I’m sad about biofuels. It just sounded like such a great idea didn’t it? We don’t need to dig oil out of the ground, let’s grow it instead! Plants could be a renewable source of energy, hooray! (I also got excited at university about the prospect of freakish plastic-producing GM crops – fields growing yoghurt pot ingredients instead of big horrible polluting factories.)
But the flaws with biofuels are becoming too big to ignore.
Let’s grow fuel instead of food. Oops, now there’s no food. Or not enough to stop spiralling food prices. And the glaring problem that biofuels are a pretty rubbish alternative to oil – considering that producing biofuels is very thirsty in terms of energy, particularly in terms of manufacturing fertilisers and pesticides to keep up crop yields. The rising prices for both food and biofuels are a great incentive for developing countries to cut down more rainforest. Ah, weren’t we trying to stop all that? (Good summary by Jeffrey A McNeely is chief scientist of IUCN, World Conservation Union here.)It’s just a horrible big circle that brings you back to the problem of our excessive energy use in the first place.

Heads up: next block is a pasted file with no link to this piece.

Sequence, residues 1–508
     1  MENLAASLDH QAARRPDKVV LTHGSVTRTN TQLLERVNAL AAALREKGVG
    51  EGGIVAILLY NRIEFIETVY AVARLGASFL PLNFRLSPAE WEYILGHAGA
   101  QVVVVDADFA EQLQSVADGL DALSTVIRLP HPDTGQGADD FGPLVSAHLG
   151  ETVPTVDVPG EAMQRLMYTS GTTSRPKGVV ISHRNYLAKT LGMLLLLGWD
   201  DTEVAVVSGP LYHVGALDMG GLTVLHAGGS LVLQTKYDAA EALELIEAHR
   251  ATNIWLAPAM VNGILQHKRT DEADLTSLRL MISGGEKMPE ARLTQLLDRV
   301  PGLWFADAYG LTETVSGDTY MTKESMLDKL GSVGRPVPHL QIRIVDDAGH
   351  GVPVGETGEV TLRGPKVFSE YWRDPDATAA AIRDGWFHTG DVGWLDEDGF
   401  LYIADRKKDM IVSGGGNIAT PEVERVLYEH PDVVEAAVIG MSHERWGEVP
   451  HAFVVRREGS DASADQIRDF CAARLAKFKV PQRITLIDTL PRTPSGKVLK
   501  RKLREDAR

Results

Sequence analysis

In a brilliant fudge, the UK today said it would slow down introducing biofuels, while still actually introducing them, after a cautious review by renewable energy big-wig Professor Ed Gallagher.
The Global Forest Coalition picked up on Gallagher’s support for second-generation biofuels, which it says will still have an effect on food supplies and encourage deforestation. UK’s Biofuel Watch maintains “agrofuels” are not sustainable.The biofuels debate just goes to show there aren’t quick-fix solutions to climate change. And that we can’t combat consumerism with green consumerism. Green cars are better than dirty, gas-guzzlers. Even better is living so you don’t have to drive miles to work, to the shops and so on. But now I’m sounding like a terrible hippy.